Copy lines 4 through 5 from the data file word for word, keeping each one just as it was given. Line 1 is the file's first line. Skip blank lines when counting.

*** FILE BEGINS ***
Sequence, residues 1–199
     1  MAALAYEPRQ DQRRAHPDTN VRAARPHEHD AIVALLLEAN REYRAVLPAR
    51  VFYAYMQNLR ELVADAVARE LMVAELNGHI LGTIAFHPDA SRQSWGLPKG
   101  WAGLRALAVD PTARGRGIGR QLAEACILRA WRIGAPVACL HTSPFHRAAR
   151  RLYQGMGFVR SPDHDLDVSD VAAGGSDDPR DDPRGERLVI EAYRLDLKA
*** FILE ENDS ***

   101  WAGLRALAVD PTARGRGIGR QLAEACILRA WRIGAPVACL HTSPFHRAAR
   151  RLYQGMGFVR SPDHDLDVSD VAAGGSDDPR DDPRGERLVI EAYRLDLKA